down the line using that undocumented src file?

Can you simulate an XCI file?  Can you run lint on it?  Can you modify it's contents?
What's configurable within them?  In the end, it's just something that gets in the way
of what you really need to do those tasks - the RTL (or netlist as neccesary - 
encrypted at worst case).

Regards,

Mark

Article: 158646
Subject: Sending multiple MSI interrupts via Xilinx "AXI Memory Mapped to
From: wzab01@gmail.com
Date: Thu, 25 Feb 2016 14:09:40 -0800 (PST)
Links: << >>  << T >>  << A >>
Hi,

I wanted to prepare a small IP core able to serialize multiple interrupts as MSI interrupts handled by the Xilinx AXI MM 2 PCIe bridge.

In the newest documentation  ( http://www.xilinx.com/support/documentation/ip_documentation/axi_pcie/v2_7/pg055-axi-bridge-pcie.pdf ) it is stated that:

* Additional IP is required in the Endpoint PCIe system to create the 
  prioritization scheme for the MSI vectors on the PCIe interface.
  (that's why I want to create that core)

* intx_msi_request
  Initiates a MSI write request when msi_enable = 1.
  Intx_msi_request is asserted for one clock period.
* The intx_msi_grant signal is asserted for one clock
  period when the interrupt is accepted by the PCIe core.

Does it mean, that I should set the MSI interrupt number on msi_vector_num and assert intx_msi_request for one clock period, and then (with deasserted intx_msi_request) wait until intx_msi_grant goes high for one clock?

The more natural way would be for me to keep the intx_msi_request high until intx_msi_grant goes high...
Unfortunately the documentation does not contain any example timing diagram/waveform.

What if I have multiple interrupts to send?

Can I set the new msi_vector_num in the next cycle after asserting intx_msi_request, or should I keep the old value until it is confirmed by intx_msi_grant?

If the first option is right, may I assert intx_msi_request in the same cycle in which intx_msi_grant is asserted, to immediately send the next interrupt?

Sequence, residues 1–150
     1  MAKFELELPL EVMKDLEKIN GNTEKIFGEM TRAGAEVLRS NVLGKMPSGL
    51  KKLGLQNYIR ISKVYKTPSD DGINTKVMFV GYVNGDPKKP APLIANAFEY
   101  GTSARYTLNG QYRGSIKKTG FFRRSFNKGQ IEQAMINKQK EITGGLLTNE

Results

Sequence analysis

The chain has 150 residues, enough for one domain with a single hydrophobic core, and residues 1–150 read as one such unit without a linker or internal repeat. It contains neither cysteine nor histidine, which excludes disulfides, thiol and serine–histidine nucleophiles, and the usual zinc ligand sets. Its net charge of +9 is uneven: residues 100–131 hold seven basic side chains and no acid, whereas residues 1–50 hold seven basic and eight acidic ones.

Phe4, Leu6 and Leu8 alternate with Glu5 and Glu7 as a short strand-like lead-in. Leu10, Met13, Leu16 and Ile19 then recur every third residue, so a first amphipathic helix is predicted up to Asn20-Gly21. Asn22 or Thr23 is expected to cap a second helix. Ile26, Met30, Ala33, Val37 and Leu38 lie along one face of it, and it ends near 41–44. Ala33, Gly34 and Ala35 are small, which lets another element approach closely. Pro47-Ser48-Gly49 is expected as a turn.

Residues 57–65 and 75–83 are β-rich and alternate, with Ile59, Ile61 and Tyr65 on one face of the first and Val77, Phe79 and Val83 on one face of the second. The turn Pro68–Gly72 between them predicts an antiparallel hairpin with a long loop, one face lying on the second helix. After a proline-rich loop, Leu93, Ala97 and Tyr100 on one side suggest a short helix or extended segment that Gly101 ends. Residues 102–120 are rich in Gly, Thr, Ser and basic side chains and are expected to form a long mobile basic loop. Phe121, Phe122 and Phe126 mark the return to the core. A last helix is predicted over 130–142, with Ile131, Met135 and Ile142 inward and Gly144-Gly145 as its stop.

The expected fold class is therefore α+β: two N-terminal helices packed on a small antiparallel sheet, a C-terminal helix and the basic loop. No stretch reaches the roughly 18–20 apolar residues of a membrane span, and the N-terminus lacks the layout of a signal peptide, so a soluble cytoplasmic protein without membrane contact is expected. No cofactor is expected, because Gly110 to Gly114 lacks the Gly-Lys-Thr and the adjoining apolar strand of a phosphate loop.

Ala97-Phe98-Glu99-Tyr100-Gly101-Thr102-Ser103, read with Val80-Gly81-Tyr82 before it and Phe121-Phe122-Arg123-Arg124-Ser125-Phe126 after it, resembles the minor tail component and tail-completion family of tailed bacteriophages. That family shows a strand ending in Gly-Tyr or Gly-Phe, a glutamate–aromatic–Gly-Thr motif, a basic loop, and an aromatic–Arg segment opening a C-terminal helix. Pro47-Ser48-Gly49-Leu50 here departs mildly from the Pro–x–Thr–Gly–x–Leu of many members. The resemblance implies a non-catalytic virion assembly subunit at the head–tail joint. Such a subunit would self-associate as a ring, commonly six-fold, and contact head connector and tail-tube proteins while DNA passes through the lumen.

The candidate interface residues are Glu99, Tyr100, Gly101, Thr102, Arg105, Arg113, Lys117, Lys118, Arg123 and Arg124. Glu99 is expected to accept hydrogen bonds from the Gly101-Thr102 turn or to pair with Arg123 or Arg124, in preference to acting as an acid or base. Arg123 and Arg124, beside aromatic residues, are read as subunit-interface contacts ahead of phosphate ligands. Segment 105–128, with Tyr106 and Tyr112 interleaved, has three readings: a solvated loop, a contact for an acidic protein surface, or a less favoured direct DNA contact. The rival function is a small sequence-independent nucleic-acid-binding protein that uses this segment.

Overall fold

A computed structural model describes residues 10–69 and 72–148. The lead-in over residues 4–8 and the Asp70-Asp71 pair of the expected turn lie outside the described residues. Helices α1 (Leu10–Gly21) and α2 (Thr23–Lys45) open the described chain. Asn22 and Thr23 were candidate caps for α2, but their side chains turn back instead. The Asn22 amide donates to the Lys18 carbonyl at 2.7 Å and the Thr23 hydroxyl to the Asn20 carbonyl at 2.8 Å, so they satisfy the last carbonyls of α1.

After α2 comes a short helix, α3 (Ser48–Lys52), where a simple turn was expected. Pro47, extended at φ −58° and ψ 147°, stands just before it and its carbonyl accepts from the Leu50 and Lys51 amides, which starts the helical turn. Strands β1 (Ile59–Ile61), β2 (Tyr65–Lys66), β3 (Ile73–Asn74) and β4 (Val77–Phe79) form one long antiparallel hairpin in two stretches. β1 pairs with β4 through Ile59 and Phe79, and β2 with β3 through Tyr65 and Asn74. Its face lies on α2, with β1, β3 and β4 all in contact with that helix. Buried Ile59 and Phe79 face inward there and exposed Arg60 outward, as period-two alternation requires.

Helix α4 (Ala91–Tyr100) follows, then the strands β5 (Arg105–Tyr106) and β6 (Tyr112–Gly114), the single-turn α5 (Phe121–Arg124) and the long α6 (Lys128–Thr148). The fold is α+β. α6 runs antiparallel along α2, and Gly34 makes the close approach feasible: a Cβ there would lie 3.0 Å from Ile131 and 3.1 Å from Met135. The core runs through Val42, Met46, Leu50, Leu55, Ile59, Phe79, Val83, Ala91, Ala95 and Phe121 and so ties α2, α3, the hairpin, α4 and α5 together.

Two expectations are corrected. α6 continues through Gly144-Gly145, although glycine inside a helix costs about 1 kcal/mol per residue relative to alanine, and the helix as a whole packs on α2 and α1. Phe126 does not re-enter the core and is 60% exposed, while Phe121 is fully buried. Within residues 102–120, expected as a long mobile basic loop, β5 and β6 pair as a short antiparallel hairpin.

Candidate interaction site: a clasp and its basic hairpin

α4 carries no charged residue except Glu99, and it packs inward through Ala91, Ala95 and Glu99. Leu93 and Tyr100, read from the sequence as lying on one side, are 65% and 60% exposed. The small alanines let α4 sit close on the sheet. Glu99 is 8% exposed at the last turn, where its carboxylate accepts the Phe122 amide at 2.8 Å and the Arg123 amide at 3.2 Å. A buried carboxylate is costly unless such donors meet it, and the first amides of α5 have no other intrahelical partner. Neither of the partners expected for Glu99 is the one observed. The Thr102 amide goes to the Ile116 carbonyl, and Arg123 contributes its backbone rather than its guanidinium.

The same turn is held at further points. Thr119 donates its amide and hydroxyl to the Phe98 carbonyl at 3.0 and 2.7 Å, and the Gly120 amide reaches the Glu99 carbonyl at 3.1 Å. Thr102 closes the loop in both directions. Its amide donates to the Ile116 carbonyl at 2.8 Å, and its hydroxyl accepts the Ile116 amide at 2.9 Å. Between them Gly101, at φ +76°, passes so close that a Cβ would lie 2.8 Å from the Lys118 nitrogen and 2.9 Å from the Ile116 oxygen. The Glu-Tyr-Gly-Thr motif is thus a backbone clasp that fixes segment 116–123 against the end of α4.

I've sent this question also to the Xilinx forum
( https://forums.xilinx.com/t5/PCI-Express/AXI-MM-2-PCIe-sending-MSI-interrupts/m-p/683865 ) but have receive no answer yet. Maybe somebody here  



Thank you in advance,
With best regards,
Wojtek

Article: 158647
Subject: Re: Source control and ip cores
From: wzab01@gmail.com
Date: Thu, 25 Feb 2016 14:25:45 -0800 (PST)
Links: << >>  << T >>  << A >>
I'm working at a big project with multiple developers and we also want to b=
e able to share sources in a version controlled friendly.
The project mainly uses X... FPGAs and V... tools.

One of possible approaches was to use IP packager, however it seems that it=
 is not possible, or at least discouraged to use IP cores with port defined=
 as VHDL records (just imagine a few AXI ports as bits and bit vectors, and=
 compare it to the clean design of IPbus with record based ports - https://=
svnweb.cern.ch/trac/cactus )

The another approach I've proposed is based on extension of the old good PR=
J files.

The file may contain lines of following types:
  - type library file
    (Line defining the source file
    Possible types: vhdl, verilog, system, header. xci, xdc
    File name (path in fact) is defined relatively to the location of the
    PRJ file)

  - include file
    (Line defining the include file
File name (path in fact) is defined relatively to the location of the
PRJ file
Use of relative paths allows easy reuse of so defined
blocks. Use of simple text files makes such solution
SVN/GIT friendly


Article: 158648
Subject: Re: Source control and ip cores
From: wzab01@gmail.com
Date: Thu, 25 Feb 2016 14:34:28 -0800 (PST)
Links: << >>  << T >>  << A >>
Oooops, sorry, I've unintentionally clicked "publish" before my message was=
 ready :-(
Here it is again in a complete form.


I'm working at a big project with multiple developers and we also want to b=
e able to share sources in a version controlled friendly.
The project mainly uses X... FPGAs and V... tools.

One of possible approaches was to use IP packager, however it seems that it=
 is not possible, or at least discouraged to use IP cores with port defined=
 as VHDL records (just imagine a few AXI ports as bits and bit vectors, and=
 compare it to the clean design of IPbus with record based ports - https://=